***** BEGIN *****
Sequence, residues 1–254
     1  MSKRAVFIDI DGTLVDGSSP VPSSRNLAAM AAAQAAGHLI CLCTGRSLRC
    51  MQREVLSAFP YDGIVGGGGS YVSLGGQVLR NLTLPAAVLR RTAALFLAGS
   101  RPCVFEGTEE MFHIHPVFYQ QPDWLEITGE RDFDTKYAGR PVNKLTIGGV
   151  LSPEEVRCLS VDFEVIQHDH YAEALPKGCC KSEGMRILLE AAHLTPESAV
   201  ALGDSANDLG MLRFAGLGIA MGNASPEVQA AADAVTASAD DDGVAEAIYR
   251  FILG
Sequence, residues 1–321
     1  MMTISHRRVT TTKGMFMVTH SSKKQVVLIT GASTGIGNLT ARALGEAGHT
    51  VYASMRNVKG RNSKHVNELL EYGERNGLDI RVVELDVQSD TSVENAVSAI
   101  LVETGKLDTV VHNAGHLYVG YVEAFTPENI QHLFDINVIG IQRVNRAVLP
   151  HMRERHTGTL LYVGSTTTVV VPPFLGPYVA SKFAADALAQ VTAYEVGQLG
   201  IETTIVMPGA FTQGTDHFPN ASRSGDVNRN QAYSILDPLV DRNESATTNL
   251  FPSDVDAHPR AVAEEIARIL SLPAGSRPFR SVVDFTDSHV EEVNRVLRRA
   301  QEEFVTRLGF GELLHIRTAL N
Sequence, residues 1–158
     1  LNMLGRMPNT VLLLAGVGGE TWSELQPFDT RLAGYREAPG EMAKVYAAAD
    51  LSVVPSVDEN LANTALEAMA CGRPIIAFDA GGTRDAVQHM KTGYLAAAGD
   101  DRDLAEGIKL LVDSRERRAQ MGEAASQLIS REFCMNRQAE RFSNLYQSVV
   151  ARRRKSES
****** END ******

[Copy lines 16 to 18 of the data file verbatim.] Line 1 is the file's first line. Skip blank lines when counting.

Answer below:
Sequence, residues 1–158
     1  LNMLGRMPNT VLLLAGVGGE TWSELQPFDT RLAGYREAPG EMAKVYAAAD
    51  LSVVPSVDEN LANTALEAMA CGRPIIAFDA GGTRDAVQHM KTGYLAAAGD